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Dissertation zugänglich unter
URN: urn:nbn:de:gbv:18-32749
URL: http://ediss.sub.uni-hamburg.de/volltexte/2007/3274/


Role of the Actin Depolymerizing Factors ADF and Cofilin in Murine Macrophages (Mus musculus; Linnaeus, 1758)

Rolle der Aktin depolymerisierenden Proteine ADF und Cofilin in murinen Makrophagen (Mus musculus; Linnaeus, 1758)

Jönsson, Friederike

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SWD-Schlagwörter: Cofilin , Actin , Makrophage , Zellskelett , Phagozytose , Morphologie , Antigenpräsentation , Zellmigration , Ligand <Biochemie> , Proliferation
Freie Schlagwörter (Deutsch): ADF
Freie Schlagwörter (Englisch): Macrophage , Cytoskeleton , Cofilin , Actin
Basisklassifikation: 44.45 , 42.64 , 42.13 , 42.15
Institut: Biologie
DDC-Sachgruppe: Biowissenschaften, Biologie
Dokumentart: Dissertation
Hauptberichter: Fleischer, Bernhard (Prof. Dr.)
Sprache: Englisch
Tag der mündlichen Prüfung: 16.02.2007
Erstellungsjahr: 2007
Publikationsdatum: 18.04.2007
Kurzfassung auf Englisch: The actin cytoskeleton is a structure found in all eukaryotes, known to be essential for a wide range of cellular processes. The remodelling of the actin cytoskeleton is regulated by a large number of proteins, commonly known as actin binding proteins.
Recently the actin cytoskeleton as a central component of cellular architecture has gained attention as a regulator of immune functions. One goal of this thesis was to shed some light on the regulation of the actin cytoskeleton in murine macrophages, by investigating the function of the two actin depolymerizing factors ADF and cofilin. ADF and cofilin are highly conserved molecules that enhance actin filament turnover by severing and depolymerization of filaments.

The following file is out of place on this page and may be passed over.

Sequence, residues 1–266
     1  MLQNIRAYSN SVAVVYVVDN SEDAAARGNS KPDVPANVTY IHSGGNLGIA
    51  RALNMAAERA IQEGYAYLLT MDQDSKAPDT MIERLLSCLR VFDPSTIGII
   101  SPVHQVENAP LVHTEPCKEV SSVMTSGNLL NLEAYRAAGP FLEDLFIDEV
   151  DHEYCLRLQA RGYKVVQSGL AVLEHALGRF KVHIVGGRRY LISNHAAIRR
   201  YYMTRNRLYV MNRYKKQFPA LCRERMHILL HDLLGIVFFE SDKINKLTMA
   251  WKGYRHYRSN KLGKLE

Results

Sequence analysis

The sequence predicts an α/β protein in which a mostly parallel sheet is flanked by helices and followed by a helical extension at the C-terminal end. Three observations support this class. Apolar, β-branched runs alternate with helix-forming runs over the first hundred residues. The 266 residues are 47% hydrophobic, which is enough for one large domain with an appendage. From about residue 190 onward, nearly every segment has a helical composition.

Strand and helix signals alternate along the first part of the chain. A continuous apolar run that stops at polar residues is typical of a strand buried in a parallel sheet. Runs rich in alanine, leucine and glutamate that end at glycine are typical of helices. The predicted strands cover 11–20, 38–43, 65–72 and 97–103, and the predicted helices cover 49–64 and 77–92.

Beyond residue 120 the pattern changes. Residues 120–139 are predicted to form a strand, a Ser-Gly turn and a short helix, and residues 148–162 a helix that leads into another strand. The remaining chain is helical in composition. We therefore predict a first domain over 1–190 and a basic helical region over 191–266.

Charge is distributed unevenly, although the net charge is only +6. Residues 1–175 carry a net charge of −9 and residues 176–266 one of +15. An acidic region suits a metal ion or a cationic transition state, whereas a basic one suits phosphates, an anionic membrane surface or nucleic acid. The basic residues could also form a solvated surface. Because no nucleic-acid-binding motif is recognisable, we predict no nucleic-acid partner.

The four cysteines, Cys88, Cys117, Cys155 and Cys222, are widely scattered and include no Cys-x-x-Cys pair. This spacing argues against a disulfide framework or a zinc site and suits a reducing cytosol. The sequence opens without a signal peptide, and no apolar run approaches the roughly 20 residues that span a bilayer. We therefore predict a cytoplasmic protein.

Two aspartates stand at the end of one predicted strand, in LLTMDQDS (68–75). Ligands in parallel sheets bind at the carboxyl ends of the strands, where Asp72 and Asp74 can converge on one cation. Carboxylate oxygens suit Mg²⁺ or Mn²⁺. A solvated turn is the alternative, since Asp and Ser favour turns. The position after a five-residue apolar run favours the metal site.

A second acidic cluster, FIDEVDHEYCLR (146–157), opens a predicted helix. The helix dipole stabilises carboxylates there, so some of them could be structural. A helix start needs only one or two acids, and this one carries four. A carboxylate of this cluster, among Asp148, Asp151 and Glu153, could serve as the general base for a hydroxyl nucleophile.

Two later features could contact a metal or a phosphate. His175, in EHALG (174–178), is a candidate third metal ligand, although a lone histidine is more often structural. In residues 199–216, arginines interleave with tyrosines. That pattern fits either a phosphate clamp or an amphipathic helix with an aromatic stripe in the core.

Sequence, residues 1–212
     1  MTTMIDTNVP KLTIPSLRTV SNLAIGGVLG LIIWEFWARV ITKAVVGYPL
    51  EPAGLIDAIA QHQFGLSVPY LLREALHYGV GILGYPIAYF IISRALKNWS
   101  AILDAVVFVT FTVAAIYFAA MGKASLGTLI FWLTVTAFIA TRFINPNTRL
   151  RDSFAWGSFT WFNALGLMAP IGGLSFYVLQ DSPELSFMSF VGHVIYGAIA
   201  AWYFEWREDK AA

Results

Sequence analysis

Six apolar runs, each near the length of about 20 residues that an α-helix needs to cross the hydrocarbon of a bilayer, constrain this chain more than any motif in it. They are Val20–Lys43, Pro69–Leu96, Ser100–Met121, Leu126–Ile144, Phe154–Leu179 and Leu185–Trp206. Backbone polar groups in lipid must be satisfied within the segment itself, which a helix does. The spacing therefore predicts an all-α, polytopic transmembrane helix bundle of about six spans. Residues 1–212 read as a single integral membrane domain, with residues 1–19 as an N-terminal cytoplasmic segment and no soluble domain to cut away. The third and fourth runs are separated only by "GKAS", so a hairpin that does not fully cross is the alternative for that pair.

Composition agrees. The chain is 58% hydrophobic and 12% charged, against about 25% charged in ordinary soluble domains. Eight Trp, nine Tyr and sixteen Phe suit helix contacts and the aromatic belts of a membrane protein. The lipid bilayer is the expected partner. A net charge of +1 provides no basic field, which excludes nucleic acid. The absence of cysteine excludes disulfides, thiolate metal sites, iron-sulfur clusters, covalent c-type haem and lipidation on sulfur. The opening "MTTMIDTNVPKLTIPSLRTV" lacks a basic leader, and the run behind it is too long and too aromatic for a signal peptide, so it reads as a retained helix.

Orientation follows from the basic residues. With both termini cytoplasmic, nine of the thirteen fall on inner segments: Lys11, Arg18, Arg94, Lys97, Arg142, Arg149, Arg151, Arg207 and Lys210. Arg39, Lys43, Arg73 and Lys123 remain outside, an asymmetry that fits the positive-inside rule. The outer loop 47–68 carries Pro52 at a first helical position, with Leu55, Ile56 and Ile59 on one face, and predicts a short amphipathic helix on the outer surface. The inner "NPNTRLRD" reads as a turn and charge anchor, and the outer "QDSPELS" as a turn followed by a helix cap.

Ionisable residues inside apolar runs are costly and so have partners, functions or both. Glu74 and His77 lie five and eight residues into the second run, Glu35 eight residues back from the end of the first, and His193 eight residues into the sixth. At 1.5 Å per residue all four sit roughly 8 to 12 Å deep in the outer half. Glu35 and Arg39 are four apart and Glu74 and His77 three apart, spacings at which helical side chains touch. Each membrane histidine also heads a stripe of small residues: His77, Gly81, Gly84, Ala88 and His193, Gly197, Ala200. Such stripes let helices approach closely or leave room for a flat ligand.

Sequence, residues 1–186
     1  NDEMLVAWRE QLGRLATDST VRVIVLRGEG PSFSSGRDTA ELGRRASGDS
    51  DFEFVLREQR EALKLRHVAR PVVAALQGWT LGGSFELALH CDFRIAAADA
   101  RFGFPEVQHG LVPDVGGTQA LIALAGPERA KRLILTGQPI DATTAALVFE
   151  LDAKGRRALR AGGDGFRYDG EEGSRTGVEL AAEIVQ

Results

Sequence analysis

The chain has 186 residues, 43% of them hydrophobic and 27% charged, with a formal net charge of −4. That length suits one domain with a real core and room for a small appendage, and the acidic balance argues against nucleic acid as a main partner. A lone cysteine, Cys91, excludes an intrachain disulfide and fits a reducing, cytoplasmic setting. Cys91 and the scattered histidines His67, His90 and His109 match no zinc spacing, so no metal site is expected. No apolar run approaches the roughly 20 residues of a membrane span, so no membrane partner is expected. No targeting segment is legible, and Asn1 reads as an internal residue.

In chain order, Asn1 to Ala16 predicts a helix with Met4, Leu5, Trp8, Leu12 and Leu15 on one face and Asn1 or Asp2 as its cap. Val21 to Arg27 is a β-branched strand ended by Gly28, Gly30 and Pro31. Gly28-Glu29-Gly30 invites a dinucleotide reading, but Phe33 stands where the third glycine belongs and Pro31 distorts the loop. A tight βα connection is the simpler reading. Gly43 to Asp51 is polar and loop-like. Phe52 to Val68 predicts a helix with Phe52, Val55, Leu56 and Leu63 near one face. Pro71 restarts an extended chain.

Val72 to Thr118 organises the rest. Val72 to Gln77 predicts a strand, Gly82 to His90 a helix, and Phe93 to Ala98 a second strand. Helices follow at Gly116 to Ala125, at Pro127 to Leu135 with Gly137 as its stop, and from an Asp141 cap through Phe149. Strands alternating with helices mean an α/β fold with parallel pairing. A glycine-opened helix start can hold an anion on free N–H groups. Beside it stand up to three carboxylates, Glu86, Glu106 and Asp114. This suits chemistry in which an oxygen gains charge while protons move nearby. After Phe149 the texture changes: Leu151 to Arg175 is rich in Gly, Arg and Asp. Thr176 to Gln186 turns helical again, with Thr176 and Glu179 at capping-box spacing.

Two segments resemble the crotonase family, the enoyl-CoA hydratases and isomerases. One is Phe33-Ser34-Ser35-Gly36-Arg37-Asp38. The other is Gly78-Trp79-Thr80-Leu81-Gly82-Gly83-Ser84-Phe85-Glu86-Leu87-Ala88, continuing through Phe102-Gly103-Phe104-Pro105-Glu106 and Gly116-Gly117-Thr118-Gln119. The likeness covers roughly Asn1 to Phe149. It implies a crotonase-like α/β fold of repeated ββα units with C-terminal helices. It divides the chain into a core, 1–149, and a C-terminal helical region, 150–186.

Using a genetic approach, I studied the loss-of-function of ADF and cofilin in murine macrophages. My work demonstrated that cofilin is essential for macrophage polarization, migration, and cytokinesis. Lack of cofilin resulted in a decreased ability to re-organize the actin cytoskeleton as indicated by the accumulation of cortical F-actin and the alterations in cell morphology. Interestingly, other actin dependent processes like phagocytosis or cell attachment were not disturbed in cofilin null macrophages. In terms of immunological functions, I could demonstrate that cofilin is required for antigen presentation by macrophages, suggesting an important role of cofilin in the formation of the immunological synapse.
One unexpected, finding described in my thesis is that the cofilin homolog ADF has a distinct role in vivo. Macrophages lacking ADF showed no functional defects and were similar to wild type cells in all the experiments performed.
In order to better characterize the common and distinct activities of cofilin and ADF, I developed two different strategies. First, I generated a conditional allele in the mouse which will allow tissue specific exchange of the cofilin expression by ADF.
Second, using a proteomics approach, I was able to identify novel binding partners for cofilin and ADF. These protein ligands characterized from ADF/cofilin complexes suggested a not yet recognized role of the two proteins also in the nucleus. There ADF and cofilin might regulate actin in controlling chromatin structure, transcription, and mRNA processing.

In conclusion, ADF and cofilin play distinct roles in macrophages in the regulation of immune cell functions, suggesting that both proteins are working in independent pathways to control actin turnover. The potential differences in regulation and the selective interaction of cofilin/ADF with partners other than actin will be an interesting and important aspect of future work. A better understanding of ADF and cofilin function and regulation might eventually allow to modify or interfere with immune cell responses under pathological conditions.

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